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New Home Sales Dip, But Beat Expectations
Sales of new homes dipped in January but the final quarter of 2011 was stronger than first estimated.

The Commerce Department said Friday that new-home sales fell 0.9 percent last month to a seasonally adjusted annual rate of 321,000 homes. That followed four straight months of gains in which home sales rose 10 percent.

The gains came after the government upwardly revised October, November and December's figures. December's annual sales pace of 324,000 was the highest in a year.

Even with more sales, just 304,000 new homes were sold in 2011 -- the fewest on records dating back to 1963. And new homes are selling well below the 700,000-per-year rate that economists equate with healthy markets.

Still, the pickup in sales at the end of last year coincides with other improvements in the housing market and should bolster the view that the depressed sector is starting to revive.

Pierre Ellis, an economist at Decision Economics, said the improvement lends "additional support to the housing market," and mirrors other positive signs in the industry.

Builders are growing more optimistic after seeing more people express interest in buying this year. They've also sought more permits to build single-family homes -- one of several encouraging signs across the housing industry.

Sales prices for new homes are rising. The median sales price of a new home rose 0.3 percent in January to $217,100.

In January, sales of previously occupied homes reached their highest level in nearly two years. And they have risen more than 13 percent in the past six months. Mortgage rates have never been lower.

Most importantly, hiring has improved, which is critical to a housing rebound. The economy added more than 200,000 net jobs in both December and January. And economists anticipate another big month of hiring in February after seeing unemployment benefit applications fall to the lowest level in nearly four years. The unemployment rate was 8.3 percent in January, its lowest level in nearly three years.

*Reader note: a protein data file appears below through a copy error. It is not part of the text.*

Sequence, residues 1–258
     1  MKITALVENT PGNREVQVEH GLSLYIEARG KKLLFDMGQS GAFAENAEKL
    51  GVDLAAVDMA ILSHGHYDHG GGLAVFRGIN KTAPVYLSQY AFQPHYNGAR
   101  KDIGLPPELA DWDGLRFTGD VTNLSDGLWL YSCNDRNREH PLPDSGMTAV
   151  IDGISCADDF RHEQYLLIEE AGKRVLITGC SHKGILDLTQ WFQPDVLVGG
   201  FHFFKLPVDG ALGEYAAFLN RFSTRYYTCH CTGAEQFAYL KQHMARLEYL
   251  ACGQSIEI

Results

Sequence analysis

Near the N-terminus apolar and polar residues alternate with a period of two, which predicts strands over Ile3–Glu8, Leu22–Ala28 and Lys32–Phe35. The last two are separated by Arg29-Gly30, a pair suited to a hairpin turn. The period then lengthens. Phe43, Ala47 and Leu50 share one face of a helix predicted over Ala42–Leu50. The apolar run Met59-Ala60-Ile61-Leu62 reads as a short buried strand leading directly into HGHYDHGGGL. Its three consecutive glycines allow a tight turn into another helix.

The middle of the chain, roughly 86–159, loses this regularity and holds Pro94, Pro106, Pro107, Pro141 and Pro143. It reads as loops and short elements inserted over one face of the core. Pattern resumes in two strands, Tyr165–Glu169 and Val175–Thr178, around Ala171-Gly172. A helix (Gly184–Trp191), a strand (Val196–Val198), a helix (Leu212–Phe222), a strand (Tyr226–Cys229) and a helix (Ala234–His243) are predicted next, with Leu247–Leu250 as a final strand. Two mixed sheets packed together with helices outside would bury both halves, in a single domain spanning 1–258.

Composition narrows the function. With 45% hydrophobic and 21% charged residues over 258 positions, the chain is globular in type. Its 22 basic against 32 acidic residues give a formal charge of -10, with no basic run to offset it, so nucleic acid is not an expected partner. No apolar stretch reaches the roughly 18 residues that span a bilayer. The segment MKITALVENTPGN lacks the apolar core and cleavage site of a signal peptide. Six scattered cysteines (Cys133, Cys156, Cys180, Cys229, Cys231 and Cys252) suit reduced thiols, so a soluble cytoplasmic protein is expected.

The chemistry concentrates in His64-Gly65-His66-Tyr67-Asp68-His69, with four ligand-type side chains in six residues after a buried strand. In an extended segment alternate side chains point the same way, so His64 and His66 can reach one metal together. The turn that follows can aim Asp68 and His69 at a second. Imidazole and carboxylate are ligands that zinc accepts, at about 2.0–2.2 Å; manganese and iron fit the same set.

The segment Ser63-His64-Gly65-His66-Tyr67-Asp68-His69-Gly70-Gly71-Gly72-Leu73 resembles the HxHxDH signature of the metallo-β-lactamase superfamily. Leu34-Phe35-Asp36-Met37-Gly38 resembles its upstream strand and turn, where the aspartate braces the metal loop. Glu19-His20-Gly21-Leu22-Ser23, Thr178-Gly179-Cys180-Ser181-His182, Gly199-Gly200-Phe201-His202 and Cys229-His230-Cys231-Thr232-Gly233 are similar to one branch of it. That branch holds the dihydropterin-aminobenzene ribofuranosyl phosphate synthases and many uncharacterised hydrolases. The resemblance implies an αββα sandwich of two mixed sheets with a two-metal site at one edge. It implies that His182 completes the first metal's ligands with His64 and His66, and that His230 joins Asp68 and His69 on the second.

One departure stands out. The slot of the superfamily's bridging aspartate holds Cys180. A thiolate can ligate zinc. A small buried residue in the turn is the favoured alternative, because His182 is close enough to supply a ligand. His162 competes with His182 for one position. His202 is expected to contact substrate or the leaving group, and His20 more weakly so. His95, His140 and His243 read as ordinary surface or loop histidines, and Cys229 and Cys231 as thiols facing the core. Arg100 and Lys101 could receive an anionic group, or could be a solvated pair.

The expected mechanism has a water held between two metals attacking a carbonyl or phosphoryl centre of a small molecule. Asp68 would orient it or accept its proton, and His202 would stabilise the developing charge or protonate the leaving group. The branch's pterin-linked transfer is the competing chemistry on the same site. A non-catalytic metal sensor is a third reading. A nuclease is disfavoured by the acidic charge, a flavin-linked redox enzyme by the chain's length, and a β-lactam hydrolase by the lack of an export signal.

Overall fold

Economists caution that housing is a long way from fully recovering. Builders have stopped working on many projects because it's been hard for them to get financing or to compete with cheaper resale homes. For many Americans, buying a home remains too big a risk more than four years after the housing bubble burst.


Though new-home sales represent less than 10 percent of the housing market, they have an outsize impact on the economy. Each home built creates an average of three jobs for a year and generates about $90,000 in tax revenue, according to the National Association of Home Builders.

A key reason for the dismal 2011 sales is that builders must compete with foreclosures and short sales -- when lenders accept less for a house than what is owed on the mortgage

Builders ended 2011 with a third straight year of dismal home construction and the worst on record for single-family home building. But in a hopeful sign, single-family home construction, which makes up 70 percent of the market, increased in each of the last three months.
  
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Saving the Best for Last
Renting to Own
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Make Them An Offer They Can't Refuse
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Finding a Good Home Inspector
Find the Perfect Neighborhood
Don't Overlook a Home's Potential
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Affordability Options for First-time Home Buyers
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